IBM’s scientists have created specialized math algorithms to help model and manage natural disasters: wildfires, floods, diseases and more.
IBM’s ‘stochastic optimization model’ was developed by IBM math scientists from IBM Research Labs in New York and India working with business experts from IBM’s Global Business Services and directly with clients to arm government bodies, relief agencies and companies with tools for strategic planning for more effective allocation of resources for natural disaster management and mitigation.
The deployment of resources during a natural disaster, whether it be water, food, machines, people or something else, requires complex planning and scheduling and the need to adapt to constantly changing scenarios, often involving large number of resources, unique requirements based on location and the varying staffing levels associated with each resource. Government agencies use different systems to estimate their program needs, including preparedness resource planning, yet no one system has been able to adapt to the increasing complexity of natural disaster management.
These challenges resulted in IBM developing a large-scale strategic budgeting framework for managing natural disaster events, with a focus on better preparedness for future uncertain disaster scenarios. The underlying optimization models and algorithms were initially prototyped on a large U.S. Government program, where the key problem was how to efficiently deploy a large number of critical resources to a range of disaster event scenarios. That system generated a single solution for each disaster scenario. The current enhancements to the budgeting system include the development of simulation models to assess and evaluate the impact of alternative strategies based upon criteria selected by the client. Optimization allows the client to trade off among multiple priorities to understand the impacts to performance measures.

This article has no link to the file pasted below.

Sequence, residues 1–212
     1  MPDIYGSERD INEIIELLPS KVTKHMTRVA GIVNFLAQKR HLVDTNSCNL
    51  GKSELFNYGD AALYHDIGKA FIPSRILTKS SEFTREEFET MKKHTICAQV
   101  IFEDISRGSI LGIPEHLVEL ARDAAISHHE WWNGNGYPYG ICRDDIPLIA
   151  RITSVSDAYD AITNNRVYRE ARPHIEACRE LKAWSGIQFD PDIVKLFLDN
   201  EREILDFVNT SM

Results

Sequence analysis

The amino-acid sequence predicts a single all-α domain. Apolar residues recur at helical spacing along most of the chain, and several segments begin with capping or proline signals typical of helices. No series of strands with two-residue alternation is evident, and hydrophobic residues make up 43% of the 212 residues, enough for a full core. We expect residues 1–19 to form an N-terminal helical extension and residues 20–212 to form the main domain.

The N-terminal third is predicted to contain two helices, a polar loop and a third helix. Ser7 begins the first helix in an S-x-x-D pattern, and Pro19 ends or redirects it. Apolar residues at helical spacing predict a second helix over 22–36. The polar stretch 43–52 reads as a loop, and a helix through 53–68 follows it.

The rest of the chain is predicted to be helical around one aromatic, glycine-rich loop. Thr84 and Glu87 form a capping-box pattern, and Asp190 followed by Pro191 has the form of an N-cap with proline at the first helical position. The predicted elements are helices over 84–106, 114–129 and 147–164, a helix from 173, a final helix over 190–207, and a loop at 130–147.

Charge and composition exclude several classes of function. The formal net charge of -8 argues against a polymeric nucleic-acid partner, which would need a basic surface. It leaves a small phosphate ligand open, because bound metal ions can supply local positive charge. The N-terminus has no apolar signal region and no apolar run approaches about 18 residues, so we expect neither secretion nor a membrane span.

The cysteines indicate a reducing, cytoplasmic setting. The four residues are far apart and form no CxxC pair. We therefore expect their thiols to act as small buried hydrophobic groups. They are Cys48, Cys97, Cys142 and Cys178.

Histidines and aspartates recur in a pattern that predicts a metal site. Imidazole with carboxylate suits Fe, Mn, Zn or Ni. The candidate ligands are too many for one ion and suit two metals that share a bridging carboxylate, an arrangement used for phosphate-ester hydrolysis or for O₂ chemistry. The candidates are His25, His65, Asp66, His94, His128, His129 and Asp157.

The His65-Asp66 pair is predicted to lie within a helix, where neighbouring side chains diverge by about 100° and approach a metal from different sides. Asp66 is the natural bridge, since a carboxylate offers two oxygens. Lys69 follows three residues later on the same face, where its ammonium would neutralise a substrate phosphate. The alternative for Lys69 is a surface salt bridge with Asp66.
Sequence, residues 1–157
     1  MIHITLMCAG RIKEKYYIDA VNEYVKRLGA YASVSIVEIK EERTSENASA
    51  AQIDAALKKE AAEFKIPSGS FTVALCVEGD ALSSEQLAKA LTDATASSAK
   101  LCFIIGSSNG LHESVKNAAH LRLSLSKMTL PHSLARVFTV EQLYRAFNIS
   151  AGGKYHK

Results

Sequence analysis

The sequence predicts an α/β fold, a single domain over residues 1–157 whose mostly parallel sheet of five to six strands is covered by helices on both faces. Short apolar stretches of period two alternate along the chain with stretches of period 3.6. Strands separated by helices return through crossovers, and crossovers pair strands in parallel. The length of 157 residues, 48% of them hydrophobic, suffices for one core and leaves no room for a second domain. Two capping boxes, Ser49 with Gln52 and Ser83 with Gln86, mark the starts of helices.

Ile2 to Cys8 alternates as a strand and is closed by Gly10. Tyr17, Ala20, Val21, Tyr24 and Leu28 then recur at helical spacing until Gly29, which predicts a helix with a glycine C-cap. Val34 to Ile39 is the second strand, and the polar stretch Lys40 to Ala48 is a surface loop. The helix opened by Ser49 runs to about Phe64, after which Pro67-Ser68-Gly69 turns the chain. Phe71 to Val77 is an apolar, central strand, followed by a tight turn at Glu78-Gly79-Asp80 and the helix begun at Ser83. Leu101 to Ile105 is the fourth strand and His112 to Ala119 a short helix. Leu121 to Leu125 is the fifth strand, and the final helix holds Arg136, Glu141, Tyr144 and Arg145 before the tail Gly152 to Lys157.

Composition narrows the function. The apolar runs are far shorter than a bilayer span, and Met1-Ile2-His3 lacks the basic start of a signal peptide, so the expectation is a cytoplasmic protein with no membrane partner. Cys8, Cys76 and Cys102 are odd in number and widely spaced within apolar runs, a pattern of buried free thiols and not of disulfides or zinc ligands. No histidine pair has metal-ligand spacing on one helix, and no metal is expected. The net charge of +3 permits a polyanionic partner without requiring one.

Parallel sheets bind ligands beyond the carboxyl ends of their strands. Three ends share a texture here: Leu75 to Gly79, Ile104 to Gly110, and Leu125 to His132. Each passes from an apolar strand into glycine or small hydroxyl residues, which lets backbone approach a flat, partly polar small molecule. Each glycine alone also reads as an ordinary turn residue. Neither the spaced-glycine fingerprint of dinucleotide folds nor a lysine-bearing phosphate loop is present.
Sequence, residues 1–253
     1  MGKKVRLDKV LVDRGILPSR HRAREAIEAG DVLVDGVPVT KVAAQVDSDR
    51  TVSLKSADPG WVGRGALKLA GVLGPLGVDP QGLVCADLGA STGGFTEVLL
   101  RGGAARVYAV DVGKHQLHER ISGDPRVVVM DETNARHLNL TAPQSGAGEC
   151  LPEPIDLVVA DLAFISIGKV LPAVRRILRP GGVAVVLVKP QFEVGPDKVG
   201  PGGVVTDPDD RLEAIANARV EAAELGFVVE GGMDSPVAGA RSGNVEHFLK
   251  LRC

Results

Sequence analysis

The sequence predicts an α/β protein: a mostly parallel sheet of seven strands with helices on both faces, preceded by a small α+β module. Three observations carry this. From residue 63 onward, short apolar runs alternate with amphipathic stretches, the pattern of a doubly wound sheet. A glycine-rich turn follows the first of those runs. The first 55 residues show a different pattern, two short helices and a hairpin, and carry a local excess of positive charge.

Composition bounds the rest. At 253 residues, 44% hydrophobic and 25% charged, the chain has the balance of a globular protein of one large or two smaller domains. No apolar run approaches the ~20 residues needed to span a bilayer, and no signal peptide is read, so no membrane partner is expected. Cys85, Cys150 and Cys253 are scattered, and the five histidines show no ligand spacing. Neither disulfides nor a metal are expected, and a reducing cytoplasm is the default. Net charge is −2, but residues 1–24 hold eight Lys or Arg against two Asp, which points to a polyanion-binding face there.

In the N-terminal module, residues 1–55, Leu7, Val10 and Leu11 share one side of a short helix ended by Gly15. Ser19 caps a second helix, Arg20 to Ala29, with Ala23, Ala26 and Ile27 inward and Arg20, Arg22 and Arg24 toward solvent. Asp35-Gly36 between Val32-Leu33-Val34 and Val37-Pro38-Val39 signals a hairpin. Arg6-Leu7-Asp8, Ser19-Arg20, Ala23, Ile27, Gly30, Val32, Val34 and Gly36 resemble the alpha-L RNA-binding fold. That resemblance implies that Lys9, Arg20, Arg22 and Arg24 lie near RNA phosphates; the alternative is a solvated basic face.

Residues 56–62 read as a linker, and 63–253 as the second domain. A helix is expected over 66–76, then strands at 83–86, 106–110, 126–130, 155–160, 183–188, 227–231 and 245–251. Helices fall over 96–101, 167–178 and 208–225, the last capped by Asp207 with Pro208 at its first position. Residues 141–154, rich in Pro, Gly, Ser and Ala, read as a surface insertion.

The same models can be explored to manage floods or famines in India, or natural disasters anywhere in the world. A fully developed, customized and implemented model can significantly help the country’s approach for disaster risk reduction and disaster management.
“We are creating a set of intellectual properties and software assets that can be employed to gauge and improve levels of preparedness to tackle unforeseen natural disasters,” says Dr. Gyana Parija, senior researcher and optimization expert at IBM India Research Laboratory, New Delhi. “Most real-world problems involve uncertainty, and this has been the inspiration for us to tackle challenges in natural disaster management.”
In the case of flooding, the stochastic programming model would use various flood scenarios, resource supply capabilities at different dispatch locations, and fixed and variable costs associated with deployment of various flood-management resources to manage various risk measures. By assigning probabilities to the factors driving outcomes, the model outlines how limited resources can meet tomorrow’s unknown demands or liabilities. In this way, the risks and rewards of various tradeoffs can be explored.
Stochastic programming offers greater modeling power and flexibility, but it comes at a cost-premium processing time. However, recently, stochastic programming has benefited from the development of more efficient algorithms and faster computer processors. This means that rather than predicting a limited future using forecasting, decisions supporting a wide range of probable scenarios can be taken. The model allows all unforeseen challenges to be solved, mostly within an hour, and has very good scalability that promises to gracefully manage even larger models in the future.
As stochastic models become more sophisticated, researchers like IBM’s Dr. Gyana Parija have been able to infuse the models with “human” factors, such as politics, custom and culture. As researchers factor in human behavior in the models, the results grow less uncertain and more accurate and acceptable.